Slicing Pie is based on the unpaid portion of the fair market value of each person’s contribution. In a startup, time is one of the most common contributions from founders which means the first step in establishing a new partnership with a co-founder is to determine the person’s fair market salary. This is the amount that your business would pay if it could pay. Fair market salaries are important for two reasons. First, it gives the team the ability to track each person’s at-risk contribution (AKA “bets”) and second, it helps the team understand the fully-loaded costs of running the business. Under estimating costs is a common problem for startup teams leading them to overestimate profit projections. Remember, the Pie terminates when the company is able to pay for everything, including salaries. When the company can pay it will pay so it’s important to set salaries that are logical in the market.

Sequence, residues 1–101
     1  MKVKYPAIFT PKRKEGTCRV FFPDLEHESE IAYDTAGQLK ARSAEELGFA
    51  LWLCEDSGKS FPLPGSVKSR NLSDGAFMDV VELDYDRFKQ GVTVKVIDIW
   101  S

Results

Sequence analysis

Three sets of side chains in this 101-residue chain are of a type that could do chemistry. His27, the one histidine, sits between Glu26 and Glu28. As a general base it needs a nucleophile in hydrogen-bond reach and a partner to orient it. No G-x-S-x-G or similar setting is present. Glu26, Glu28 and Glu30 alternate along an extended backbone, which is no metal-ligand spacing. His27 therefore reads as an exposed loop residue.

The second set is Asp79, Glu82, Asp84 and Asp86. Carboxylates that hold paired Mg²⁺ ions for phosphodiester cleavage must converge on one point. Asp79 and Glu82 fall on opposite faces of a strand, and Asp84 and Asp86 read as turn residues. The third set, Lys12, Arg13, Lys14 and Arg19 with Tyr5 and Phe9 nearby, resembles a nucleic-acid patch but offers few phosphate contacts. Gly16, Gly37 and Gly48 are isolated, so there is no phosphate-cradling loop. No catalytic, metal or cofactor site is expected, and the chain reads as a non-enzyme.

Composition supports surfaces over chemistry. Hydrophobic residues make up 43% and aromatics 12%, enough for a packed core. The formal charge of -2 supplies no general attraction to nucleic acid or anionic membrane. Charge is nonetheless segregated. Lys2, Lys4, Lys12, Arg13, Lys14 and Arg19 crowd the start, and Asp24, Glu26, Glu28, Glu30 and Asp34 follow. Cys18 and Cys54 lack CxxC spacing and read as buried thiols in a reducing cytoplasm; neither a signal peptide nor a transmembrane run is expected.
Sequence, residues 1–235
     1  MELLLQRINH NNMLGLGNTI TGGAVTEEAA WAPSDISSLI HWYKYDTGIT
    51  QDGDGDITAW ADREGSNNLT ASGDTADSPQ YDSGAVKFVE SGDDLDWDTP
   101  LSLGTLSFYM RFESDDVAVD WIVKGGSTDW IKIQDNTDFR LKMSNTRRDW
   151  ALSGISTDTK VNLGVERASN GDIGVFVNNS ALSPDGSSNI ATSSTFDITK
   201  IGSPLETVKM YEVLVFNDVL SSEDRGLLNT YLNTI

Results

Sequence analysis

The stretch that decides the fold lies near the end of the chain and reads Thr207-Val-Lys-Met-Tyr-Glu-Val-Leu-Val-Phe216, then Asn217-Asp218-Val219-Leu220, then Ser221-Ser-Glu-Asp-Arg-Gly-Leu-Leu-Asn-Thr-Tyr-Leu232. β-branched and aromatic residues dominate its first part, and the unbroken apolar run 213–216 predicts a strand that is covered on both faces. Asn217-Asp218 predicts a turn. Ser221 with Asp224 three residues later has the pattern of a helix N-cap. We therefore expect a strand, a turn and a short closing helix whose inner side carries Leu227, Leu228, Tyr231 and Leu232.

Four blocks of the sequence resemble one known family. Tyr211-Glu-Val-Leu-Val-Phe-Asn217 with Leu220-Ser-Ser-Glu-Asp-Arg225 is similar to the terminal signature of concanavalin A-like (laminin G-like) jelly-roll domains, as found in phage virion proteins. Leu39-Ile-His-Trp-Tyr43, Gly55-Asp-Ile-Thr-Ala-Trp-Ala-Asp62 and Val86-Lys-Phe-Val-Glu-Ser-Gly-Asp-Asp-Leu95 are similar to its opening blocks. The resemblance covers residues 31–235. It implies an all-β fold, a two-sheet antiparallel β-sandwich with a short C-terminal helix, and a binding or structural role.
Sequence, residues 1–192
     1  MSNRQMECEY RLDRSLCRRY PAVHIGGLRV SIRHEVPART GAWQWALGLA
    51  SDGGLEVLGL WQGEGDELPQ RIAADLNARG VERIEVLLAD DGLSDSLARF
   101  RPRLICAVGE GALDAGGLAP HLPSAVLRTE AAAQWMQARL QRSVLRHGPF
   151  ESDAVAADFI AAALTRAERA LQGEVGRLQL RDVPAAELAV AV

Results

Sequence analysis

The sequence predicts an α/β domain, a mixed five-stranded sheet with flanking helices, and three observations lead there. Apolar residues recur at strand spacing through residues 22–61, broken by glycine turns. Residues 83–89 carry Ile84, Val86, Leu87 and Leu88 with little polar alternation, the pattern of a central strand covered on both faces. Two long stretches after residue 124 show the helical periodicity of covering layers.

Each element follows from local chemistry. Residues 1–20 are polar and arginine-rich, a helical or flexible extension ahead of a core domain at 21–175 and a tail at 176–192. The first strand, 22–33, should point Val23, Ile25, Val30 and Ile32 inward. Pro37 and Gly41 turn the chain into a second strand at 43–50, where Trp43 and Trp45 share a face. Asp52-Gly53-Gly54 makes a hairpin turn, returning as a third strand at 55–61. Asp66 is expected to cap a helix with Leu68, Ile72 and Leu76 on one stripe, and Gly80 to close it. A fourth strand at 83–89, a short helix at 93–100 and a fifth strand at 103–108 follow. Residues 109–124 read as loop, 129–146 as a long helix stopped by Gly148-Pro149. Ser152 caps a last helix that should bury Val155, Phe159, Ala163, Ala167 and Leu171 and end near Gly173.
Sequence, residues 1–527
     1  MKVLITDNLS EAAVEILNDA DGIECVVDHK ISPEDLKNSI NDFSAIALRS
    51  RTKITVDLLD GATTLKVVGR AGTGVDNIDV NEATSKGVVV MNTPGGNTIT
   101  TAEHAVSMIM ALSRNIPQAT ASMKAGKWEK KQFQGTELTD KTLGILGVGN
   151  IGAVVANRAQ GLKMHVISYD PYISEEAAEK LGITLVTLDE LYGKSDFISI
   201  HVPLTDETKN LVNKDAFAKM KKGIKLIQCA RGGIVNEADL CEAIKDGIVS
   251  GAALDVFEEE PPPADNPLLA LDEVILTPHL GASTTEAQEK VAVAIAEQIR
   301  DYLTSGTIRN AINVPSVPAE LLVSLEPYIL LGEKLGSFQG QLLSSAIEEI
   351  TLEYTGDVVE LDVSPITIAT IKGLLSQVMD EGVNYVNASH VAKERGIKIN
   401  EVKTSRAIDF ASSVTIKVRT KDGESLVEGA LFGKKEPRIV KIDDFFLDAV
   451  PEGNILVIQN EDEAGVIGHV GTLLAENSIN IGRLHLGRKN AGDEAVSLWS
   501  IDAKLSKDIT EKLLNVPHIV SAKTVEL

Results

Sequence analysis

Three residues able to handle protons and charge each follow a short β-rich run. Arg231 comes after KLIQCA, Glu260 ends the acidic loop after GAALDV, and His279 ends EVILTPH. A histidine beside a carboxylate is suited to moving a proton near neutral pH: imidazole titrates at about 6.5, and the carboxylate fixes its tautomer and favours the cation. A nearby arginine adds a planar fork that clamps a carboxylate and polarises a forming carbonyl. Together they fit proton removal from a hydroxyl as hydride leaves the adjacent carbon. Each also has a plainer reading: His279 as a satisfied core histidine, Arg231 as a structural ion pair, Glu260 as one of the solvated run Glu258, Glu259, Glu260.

Negotiating a fair market salary in a startup is pretty much the same process you would use when negotiating a job at an established company.
A person’s fair market salary is a function of their education, experience, and skills in relation to the requirements and responsibilities of the position. Consider Joe and Tom. Joe is a recent high school graduate and Tom has a PhD in Electrical Engineering and 15 years of experience as an automotive engineer.
Joe and Tom apply for jobs at McDonalds. They both accept entry-level jobs as flipping burgers, they are similarly qualified and, therefore, would have a similar fair market salary of around $10 per hour.